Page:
Friends of the Chapel funded his endeavor, which required help from fellow choir members and a tower of scaffolding.

     Sutherland and his assistants would unbolt several pews and roll the bottom section of the metal scaffolding in place. They could move only twenty feet of scaffolding at a time. If the tower were any higher, it could topple. Once it was positioned, the team would assemble the upper thirty feet on top of the base. Sutherland would climb the shaky structure and fasten it to columns inside the chapel. Then he would wait for the sunlight. "The morning sun only hits the north-side windows briefly," he explains. "I would have the tower built, and I would be sitting at the top waiting for dawn. The light would hit the windows and it would take me about two hours to photograph each one." Then, to photograph the south side, the team would have to dismantle the scaffolding, rebolt the pews, unbolt another set, and again manipulate the steel framework into place. In all, the project took five weeks. Sutherland studied the Bible as he went about his project and figured out the windows' patterns. Old Testament figures appear on the upper level. The lower level depicts episodes in the lives of Jesus, Paul, Peter, and John. The lower level begins with the Annunciation, when an angel appeared to the Virgin Mary and told her she would give birth to a divine messenger; the lower-level windows end with an illustration of an aged John on the Greek island of Patmos.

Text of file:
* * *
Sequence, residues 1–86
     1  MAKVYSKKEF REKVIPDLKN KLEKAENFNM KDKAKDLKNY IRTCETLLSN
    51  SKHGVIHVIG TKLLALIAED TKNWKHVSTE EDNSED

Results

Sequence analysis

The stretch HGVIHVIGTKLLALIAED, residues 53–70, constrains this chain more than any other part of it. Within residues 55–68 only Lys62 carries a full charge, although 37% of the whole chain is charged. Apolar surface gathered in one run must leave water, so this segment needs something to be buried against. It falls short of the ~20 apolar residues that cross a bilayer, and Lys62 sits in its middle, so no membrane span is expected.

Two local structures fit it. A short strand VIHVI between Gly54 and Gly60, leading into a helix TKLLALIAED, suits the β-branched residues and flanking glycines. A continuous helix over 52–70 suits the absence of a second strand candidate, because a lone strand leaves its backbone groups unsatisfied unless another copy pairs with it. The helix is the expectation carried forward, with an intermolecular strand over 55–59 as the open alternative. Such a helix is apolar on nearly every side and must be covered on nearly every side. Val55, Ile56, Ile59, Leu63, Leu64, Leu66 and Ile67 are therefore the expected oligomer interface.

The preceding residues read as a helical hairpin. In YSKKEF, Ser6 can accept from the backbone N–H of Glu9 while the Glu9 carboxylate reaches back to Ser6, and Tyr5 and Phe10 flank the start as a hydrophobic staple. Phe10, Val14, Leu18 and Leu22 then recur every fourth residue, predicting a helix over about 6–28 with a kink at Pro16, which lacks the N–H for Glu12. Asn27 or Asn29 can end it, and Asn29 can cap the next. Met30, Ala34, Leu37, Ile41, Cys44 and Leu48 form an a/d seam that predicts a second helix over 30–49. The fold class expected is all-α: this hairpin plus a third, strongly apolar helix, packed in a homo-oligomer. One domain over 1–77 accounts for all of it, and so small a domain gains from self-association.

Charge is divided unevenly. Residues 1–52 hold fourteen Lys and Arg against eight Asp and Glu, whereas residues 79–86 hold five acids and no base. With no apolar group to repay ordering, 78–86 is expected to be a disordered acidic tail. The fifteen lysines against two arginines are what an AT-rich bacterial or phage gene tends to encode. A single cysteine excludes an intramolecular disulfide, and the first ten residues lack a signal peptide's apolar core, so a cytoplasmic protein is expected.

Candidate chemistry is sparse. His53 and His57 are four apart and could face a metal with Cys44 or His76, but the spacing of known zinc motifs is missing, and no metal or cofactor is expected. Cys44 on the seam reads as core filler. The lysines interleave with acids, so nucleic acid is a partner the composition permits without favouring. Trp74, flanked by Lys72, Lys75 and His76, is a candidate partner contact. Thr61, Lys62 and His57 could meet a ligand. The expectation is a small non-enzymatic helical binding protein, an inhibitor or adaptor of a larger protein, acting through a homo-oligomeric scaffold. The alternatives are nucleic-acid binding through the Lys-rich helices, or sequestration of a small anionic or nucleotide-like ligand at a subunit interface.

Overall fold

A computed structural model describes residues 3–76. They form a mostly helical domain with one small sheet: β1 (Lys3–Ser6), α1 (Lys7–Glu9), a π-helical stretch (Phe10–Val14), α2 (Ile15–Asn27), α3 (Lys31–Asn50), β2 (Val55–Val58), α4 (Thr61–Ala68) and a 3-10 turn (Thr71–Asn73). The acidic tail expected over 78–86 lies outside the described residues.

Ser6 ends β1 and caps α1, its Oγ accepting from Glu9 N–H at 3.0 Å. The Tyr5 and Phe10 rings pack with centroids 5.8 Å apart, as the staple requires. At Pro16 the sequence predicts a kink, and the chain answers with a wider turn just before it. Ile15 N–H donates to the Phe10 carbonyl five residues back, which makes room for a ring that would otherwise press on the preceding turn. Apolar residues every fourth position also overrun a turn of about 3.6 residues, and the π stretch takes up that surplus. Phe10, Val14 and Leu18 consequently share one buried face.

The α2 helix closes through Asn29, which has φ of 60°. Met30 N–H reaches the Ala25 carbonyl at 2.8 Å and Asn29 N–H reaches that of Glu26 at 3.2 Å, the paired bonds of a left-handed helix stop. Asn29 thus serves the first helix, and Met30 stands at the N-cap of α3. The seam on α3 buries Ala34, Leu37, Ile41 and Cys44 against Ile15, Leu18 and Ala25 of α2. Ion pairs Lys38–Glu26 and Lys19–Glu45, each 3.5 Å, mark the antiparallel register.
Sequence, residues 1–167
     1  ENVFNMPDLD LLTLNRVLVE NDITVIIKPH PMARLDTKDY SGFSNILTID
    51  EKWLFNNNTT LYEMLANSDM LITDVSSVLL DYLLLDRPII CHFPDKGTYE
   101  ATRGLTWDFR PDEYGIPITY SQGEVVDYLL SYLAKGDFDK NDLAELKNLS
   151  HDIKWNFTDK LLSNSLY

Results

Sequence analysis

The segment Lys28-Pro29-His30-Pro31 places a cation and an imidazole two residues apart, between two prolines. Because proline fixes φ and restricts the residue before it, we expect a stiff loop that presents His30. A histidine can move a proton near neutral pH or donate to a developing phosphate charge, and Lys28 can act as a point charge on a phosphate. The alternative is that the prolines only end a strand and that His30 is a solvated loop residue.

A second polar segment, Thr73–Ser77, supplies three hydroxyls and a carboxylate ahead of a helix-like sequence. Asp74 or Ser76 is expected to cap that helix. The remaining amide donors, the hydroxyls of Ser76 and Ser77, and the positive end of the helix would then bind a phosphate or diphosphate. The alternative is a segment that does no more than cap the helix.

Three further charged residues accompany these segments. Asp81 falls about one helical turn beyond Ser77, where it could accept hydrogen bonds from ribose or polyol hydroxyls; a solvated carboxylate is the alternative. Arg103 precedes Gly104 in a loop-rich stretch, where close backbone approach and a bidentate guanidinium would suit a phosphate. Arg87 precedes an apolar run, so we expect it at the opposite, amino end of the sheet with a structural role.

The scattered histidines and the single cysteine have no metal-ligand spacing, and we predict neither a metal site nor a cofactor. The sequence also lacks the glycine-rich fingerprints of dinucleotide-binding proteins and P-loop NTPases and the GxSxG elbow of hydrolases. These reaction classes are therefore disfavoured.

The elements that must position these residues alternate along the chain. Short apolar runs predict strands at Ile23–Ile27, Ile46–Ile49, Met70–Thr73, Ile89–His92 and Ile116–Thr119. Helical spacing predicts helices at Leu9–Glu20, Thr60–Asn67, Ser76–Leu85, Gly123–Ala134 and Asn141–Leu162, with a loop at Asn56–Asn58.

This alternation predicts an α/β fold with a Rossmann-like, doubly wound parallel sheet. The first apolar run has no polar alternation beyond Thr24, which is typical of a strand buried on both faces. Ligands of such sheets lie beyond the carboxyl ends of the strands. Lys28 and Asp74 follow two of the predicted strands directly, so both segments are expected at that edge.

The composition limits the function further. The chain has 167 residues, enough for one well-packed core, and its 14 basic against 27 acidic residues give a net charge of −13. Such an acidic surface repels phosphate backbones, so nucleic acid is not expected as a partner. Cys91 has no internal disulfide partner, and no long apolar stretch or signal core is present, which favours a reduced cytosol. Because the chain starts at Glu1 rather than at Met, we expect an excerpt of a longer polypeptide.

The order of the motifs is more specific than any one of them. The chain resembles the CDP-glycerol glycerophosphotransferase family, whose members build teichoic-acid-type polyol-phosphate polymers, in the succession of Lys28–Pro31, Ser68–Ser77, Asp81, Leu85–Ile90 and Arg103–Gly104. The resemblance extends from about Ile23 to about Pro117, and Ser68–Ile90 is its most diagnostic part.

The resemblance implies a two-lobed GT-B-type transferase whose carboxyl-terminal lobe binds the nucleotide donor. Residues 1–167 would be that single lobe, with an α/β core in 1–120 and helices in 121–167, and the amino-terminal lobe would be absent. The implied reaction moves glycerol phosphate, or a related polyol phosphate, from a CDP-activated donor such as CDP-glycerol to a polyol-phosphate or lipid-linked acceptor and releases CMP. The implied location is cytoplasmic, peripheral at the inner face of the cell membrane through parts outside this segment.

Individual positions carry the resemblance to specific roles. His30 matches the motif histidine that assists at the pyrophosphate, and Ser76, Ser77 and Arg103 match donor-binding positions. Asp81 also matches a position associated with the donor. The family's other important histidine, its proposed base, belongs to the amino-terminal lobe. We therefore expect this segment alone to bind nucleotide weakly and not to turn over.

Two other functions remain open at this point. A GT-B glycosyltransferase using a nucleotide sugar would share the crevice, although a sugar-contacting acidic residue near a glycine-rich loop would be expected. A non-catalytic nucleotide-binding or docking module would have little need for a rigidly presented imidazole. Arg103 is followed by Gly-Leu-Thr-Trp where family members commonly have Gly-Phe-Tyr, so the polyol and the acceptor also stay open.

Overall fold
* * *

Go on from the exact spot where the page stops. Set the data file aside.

Duke Chapel's stained glass was created by G. Owen Bonawit of New York, who, with the help of fifteen other artists and craftsmen, worked for five years to fashion the windows, according to dates Bonawit recorded in one of the panes. University Archivist William E. King '61, A.M. '63, Ph.D. '70 says Sutherland's project is valuable because it serves as a kind of insurance policy in case of damage from vandals or storms. Before the photography project, there was no detailed record of the chapel's windows in case replacements or repairs were necessary. Sutherland's slides are available for viewing at Duke University Archives in Perkins Library.

researcher at the Duke Comprehensive Cancer Center has pioneered the use of CD-ROM technology to preserve a photographic record of the skinand to detect the earliest signs of melanoma cancer.

     While "total body photography" has become a common tool to help physicians screen patients at high risk for melanoma, physician James Grichnik believes that he is the first to take the additional step of preserving photographs of his patients' skin on compact discs for computers. Bringing this new technology to the clinical setting is important, he says, since the incidence of malignant melanoma is in-creasing faster than any other cancer--and because the earlier a melanoma is removed, the higher the cure rate. For high-risk patients, the key to early detection is regular, thorough skin examinations to identify suspicious changes in existing moles, according to researchers.

     In recent years, dermatologists have used photographs of patients' skin surfaces-total body photography-to create a baseline to guide future examinations. Grichnik, an assistant professor of medicine, combines conventional photography with compact disc technology to create a digital baseline. He also uses hand-held microscopy and a new computer database to track his patients.

     Patients who come to the pigmented lesion clinic directed by Grichnik and who are determined to be at high risk for melanoma are photographed from thirty-three different angles, covering as much of the skin surface as possible. Instead of being stored as slides or prints, the images are transferred to CD-ROMs, which look like the compact discs that transform digital messages into music. The discs are economical to create, easy to store, and convenient to use, according to Grichnik.